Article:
As I persisted, a shift began to happen. I began to see other times in my day when I could be painting, and because I always knew what I was painting next, these chunks of time became very productive for me. With the unwavering support of my husband, I very gradually went from painting for 5 minutes at a time to consistently painting 10-15 hours a week. Once I had the habit of painting, I revisited my acrylics and my traditional way of abstract painting, which I loved. I even felt ready to experiment with new materials. I started applying for shows, and after a handful of rejections, my work began getting accepted. What started as my five-minute habit was becoming my part-time job, and I loved it.

Artist Statement: “I enjoy giving attention to the many parts that make a whole, specifically the way in which cells provide life for all living things and therefore allow for consciousness to occur. I do this by drawing inspiration from cellular forms. These forms flow, oscillate and intersect in my paintings. At times obsessively painted and at other times concealed or muted, the cellular form drives my paintings and allows me to explore themes through this most basic representation.”
—Kim Rohrs

Dealing with the Unexpected

Fast forward to April 2017. On Easter weekend, I began to develop neurological symptoms that grew and developed over the course of weeks. I entered the realm of medical tests, hypothesis, trying not to Google everything, and waiting. Between April and June I struggled with vision loss, numbness, a feeling of pins and needles over my body, and tremors. On some days, my tremors were extreme enough that I could not paint and on other days I could not trust my vision to help me mix the right colors I needed. I did not paint for a full two months.

“Horizon,” by Kim Rohrs (24"x24" acrylic on canvas)

“Horizon,” by Kim Rohrs (24″x24″ acrylic on canvas)

In many ways, this was a difficult two months of my life. I felt as though I did not know my body anymore, and each day presented with something different I needed to adjust to. My paint palettes dried up, canvases remained still and incomplete, and I stopped looking for shows to apply to. I was not sure what was happening to me, or how long it was going to last.

What surprised me the most in these months of sickness was that I was not upset about not being able to paint. Instead, I found myself filled with gratitude that when I was able to paint, I DID paint. I was so glad I did not wait until the circumstances were perfect. I did not wait until I was in the right mood. I did not wait until the entire house was spotless. I painted in small bursts when the opportunity arose, and I found ways to build a regular practice from there. I let my body feel sick without the added weight of guilt that comes with “what if.”

The official diagnosis came in: multiple sclerosis.

"Plant Cell Study One," by Kim Rohrs

“Plant Cell Study One,” by Kim Rohrs (8″x10″ watercolor and ink on paper); The first painting Kim completed after committing to painting for five minutes at a time in bursts.

The Current Condition

By the time I was diagnosed with MS, the episode was calming down and I was able to paint again. I have since had to adjust my expectations and cut back on deadlines until I get to know this new companion in my life. I am still so thankful for and so proud of the body of work I have completed, and it helps me to understand that change takes time. Developing this disease and not being able to paint as much as I used to does not necessarily feel like a step backward in my progress because now I know there isn’t a linear path to being an artist. It’s up, it’s down, it’s cyclical. It’s five minutes here, an hour or so there.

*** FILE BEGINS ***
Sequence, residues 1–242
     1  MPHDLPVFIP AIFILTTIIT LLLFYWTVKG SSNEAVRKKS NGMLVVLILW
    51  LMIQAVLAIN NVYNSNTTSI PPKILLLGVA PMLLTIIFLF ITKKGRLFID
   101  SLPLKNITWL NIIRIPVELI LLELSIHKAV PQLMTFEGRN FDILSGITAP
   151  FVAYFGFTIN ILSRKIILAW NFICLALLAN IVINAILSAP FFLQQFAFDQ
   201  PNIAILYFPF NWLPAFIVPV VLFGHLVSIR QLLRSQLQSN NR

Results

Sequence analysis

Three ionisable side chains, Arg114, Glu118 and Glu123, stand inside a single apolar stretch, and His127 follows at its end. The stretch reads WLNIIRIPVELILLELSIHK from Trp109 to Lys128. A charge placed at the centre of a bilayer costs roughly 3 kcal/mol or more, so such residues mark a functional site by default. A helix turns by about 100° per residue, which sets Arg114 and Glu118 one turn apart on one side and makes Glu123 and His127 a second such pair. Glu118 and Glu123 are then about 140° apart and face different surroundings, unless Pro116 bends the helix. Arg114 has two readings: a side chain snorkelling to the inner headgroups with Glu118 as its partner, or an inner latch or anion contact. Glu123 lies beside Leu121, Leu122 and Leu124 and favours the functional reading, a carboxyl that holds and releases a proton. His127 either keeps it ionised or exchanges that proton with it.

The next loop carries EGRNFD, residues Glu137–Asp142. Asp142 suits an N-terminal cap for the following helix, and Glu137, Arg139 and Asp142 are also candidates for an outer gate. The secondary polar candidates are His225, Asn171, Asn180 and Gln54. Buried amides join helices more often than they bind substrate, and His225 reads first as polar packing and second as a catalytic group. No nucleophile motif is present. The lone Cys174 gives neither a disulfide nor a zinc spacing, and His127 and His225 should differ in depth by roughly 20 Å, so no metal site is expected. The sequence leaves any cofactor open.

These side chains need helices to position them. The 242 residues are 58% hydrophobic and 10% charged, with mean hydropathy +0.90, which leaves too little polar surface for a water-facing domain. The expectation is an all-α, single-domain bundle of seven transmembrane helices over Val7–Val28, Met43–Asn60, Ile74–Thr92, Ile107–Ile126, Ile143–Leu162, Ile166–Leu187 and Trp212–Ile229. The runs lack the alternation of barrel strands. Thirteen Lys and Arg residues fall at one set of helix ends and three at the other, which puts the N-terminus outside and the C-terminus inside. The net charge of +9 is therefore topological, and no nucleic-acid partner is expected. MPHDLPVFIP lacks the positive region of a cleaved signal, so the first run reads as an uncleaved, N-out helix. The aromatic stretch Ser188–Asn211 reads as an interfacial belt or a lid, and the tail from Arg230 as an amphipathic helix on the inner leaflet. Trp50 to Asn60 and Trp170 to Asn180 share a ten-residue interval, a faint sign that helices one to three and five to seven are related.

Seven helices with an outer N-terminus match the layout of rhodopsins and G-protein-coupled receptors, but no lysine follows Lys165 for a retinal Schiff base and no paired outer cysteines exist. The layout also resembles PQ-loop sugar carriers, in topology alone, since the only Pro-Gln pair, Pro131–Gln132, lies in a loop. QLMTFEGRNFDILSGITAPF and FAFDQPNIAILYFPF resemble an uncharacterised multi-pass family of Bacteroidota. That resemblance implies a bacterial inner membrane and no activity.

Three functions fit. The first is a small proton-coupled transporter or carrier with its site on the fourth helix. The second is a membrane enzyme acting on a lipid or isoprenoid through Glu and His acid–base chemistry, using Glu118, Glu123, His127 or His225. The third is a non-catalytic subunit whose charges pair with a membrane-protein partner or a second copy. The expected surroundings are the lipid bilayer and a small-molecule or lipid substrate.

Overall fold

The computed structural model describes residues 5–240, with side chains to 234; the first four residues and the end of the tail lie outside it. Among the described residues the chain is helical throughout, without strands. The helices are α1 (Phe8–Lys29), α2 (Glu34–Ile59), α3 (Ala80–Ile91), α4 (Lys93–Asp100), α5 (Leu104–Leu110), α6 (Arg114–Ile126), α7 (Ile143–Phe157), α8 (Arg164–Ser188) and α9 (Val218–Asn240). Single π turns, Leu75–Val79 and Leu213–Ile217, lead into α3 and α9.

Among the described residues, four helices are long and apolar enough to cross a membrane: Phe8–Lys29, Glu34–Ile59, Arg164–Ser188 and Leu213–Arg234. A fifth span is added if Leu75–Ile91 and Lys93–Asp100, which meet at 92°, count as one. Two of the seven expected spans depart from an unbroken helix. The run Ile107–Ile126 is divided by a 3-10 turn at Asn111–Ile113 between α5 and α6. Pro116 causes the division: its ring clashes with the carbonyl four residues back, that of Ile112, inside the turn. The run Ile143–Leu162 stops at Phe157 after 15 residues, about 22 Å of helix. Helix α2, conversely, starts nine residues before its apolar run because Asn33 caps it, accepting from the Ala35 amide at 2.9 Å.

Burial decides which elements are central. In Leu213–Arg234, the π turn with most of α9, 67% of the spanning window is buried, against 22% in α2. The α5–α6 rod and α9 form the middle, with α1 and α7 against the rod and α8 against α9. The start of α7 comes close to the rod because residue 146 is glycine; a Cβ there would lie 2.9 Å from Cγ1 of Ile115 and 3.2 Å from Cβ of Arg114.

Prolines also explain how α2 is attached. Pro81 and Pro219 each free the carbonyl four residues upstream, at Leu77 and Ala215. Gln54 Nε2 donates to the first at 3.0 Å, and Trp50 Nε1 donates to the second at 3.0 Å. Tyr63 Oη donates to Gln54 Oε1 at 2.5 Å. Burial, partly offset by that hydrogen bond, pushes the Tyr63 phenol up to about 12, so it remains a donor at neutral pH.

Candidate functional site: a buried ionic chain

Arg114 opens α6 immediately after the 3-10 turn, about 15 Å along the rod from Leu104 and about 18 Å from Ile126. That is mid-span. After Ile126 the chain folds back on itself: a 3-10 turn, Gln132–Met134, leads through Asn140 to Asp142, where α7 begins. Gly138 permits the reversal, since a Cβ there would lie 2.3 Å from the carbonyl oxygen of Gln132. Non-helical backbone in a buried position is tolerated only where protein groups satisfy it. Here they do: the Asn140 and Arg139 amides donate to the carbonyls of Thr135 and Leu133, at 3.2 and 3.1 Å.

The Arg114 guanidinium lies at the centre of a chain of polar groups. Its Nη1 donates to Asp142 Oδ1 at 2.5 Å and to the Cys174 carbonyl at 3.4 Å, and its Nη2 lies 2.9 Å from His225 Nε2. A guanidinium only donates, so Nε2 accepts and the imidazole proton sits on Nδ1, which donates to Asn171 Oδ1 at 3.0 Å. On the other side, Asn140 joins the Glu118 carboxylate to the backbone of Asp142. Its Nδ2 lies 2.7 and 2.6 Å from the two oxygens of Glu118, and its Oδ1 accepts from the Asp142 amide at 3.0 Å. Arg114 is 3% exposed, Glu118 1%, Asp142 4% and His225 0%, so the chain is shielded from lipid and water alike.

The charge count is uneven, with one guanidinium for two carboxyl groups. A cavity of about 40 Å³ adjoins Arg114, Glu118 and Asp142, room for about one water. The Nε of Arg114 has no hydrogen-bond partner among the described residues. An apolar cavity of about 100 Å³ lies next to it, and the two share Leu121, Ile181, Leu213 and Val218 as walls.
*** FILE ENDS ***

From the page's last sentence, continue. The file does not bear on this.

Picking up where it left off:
"Glacial Movement 2," by Kim Rohrs

“Glacial Movement 2,” by Kim Rohrs (12″x12″ acrylic suspended in polished resin)

For me, making art is not about waiting for the right time, the right mood, the right state of mind, or the right state of body. It’s about showing up over and over again with the only expectation of putting paint to canvas. I have found when I am focused on this simple goal, I can achieve it repeatedly. And really, isn’t that most artists’ goal anyway? Using tools to make marks and images over and over again.

Having limited time raising young children allowed me to see that building an art practice can be as simple as I need it to be. Developing MS allowed me to value this simplicity. And now, when I have the time but not the physical ability for the long hours in the studio, I am able to remind myself that five minutes at a time is enough, today.

 


About Kim Rohrs

While earning my art therapy degree at Bowling Green State University, I took as many art studio classes I could cram into my schedule, specifically painting and ceramics. Although I wanted to become a professional artist, I felt a stronger calling to help others discover the healing capacity of art making. After graduating, I moved to Colorado to pursue my master’s degree in art therapy at Naropa University. It was there that I learned to meditate, to listen, to be curious, and to open my heart to help others. I practiced as an art therapist and play therapist, focusing my attention on children and families. 

When my husband and I started having children, we felt the Midwest calling us back. We returned to Ohio and at that time I decided to commit my time to raising our children and making art. Today, I am a mixed-media artist. I work with acrylic and resin, encaustic, and watercolors. I am inspired by microscope slides, cycles found in nature, living mindfully, dreams, and art therapy. I paint whenever my kids are asleep. In other words, I am living my dream while my girls dream.